Wednesday, October 04, 2006

Is the news media telling us what we need to know?

By Nancy Jane Moore

Check out this number: 23,416.

That's how many US soldiers have been killed or wounded in the Iraq War, as of today.

Did you know the number was that high? I didn't. I had a general idea that just short of 3,000 troops had been killed -- Forbes puts the number of dead at 2,729 -- but I didn't have a handle on the wounded.

I'm pretty sure that a large percentage of the wounded have very serious injuries -- modern medicine is saving a lot of soldiers who would have died in earlier wars, even in Vietnam.

Outside the number of dead, US losses in Iraq aren't getting much newspaper coverage. I've seen a few features on brave soldiers learning to deal with their injuries, but I haven't seen any big picture stories detailing how many soldiers we're losing to life-derailing injuries.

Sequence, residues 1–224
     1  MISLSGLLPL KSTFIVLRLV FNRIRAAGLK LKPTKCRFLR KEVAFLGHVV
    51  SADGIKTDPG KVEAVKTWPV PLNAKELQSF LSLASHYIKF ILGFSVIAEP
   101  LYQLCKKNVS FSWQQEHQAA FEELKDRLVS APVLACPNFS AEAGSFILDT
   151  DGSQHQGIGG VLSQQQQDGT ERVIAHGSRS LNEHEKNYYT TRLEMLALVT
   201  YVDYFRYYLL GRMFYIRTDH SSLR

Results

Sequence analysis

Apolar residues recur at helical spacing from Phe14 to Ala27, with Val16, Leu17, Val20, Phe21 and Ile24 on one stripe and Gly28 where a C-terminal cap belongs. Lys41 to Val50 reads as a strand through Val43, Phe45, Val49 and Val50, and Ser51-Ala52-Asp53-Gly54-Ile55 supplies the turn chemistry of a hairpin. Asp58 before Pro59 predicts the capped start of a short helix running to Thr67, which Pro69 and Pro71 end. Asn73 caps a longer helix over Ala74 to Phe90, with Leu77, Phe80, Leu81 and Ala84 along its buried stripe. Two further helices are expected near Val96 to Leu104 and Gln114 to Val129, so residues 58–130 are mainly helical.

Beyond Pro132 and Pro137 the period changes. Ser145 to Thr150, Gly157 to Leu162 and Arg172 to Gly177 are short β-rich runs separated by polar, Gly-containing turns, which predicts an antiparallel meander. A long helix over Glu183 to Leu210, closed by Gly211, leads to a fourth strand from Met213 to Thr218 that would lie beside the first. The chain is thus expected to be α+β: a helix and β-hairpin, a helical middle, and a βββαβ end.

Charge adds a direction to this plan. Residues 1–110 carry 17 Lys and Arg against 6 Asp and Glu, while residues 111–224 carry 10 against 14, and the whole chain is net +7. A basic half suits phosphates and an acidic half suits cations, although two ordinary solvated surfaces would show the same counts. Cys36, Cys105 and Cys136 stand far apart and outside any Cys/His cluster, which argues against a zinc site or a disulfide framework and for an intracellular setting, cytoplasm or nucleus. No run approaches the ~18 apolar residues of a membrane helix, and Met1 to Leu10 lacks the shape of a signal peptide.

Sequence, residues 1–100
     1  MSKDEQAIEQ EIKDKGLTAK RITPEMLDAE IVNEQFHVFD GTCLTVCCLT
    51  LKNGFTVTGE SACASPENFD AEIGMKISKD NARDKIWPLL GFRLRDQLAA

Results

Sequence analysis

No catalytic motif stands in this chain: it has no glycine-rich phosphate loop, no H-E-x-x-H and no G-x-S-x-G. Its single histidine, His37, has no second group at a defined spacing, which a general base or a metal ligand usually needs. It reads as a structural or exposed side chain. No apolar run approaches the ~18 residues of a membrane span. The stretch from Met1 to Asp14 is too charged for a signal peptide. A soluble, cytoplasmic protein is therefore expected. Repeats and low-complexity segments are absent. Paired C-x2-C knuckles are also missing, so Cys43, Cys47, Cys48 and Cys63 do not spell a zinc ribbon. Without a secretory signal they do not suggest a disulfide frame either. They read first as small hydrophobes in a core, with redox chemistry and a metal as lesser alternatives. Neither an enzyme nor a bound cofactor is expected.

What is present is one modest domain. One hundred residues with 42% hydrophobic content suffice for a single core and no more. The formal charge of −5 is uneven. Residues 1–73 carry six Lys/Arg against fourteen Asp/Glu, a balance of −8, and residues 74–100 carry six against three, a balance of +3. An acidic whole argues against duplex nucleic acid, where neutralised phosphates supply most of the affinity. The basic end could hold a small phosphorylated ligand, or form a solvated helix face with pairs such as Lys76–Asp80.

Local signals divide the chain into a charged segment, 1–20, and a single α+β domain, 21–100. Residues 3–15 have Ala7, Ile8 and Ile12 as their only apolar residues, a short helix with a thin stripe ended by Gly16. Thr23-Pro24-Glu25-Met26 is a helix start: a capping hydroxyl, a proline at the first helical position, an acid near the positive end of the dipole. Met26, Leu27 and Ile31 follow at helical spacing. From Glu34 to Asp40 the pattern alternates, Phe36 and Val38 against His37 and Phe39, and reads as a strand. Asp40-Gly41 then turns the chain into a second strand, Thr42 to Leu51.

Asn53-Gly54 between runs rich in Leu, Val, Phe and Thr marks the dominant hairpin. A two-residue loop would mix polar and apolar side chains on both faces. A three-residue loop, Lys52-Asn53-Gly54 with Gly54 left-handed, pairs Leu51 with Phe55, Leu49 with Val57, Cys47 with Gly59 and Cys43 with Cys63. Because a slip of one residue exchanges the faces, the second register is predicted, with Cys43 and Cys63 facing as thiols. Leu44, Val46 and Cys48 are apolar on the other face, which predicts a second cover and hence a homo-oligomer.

Juan Cole points out today that if you want coverage of US casualties, you need to read local papers -- which, of course, tend to focus on individual stories. He goes on to say:
Usually the national cable networks spend hours and hours covering local murder mysteries and emergencies while ignoring vital national and international stories. In this case, they mainly cover Iraq by reporting what the Bush administration says about Iraq, but they almost never cover the local impact of the war or concentrate on the wounded veterans struggling to make their lives.
I realize that the Defense Department is not making it easy to get this information -- remember all the flap about whether journalists could cover the bodies being shipped into to the Dover, Delaware, air force base -- but the news media could do a better job of covering this story. I'd really like to know how many of our troops are going to spend the rest of their lives struggling with a significant disability such as a brain injury.

Which brings us to a detailed report in the Columbia Journalism Review by Eric Umansky on coverage of torture by US soldiers and other officials. Umansky says good reporters like Carlotta Gall of The New York Times were digging out the torture story as early as 2002 during the Afghanistan war -- Gall discovered that some of our prisoners were killed in custody.